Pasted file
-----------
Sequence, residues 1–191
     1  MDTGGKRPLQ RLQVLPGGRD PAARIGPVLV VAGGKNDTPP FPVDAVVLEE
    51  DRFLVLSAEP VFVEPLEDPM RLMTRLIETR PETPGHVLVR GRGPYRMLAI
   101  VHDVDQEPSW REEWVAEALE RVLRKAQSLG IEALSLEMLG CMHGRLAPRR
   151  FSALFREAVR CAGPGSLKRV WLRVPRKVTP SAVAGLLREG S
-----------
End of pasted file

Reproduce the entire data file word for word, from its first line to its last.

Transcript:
Sequence, residues 1–191
     1  MDTGGKRPLQ RLQVLPGGRD PAARIGPVLV VAGGKNDTPP FPVDAVVLEE
    51  DRFLVLSAEP VFVEPLEDPM RLMTRLIETR PETPGHVLVR GRGPYRMLAI
   101  VHDVDQEPSW REEWVAEALE RVLRKAQSLG IEALSLEMLG CMHGRLAPRR
   151  FSALFREAVR CAGPGSLKRV WLRVPRKVTP SAVAGLLREG S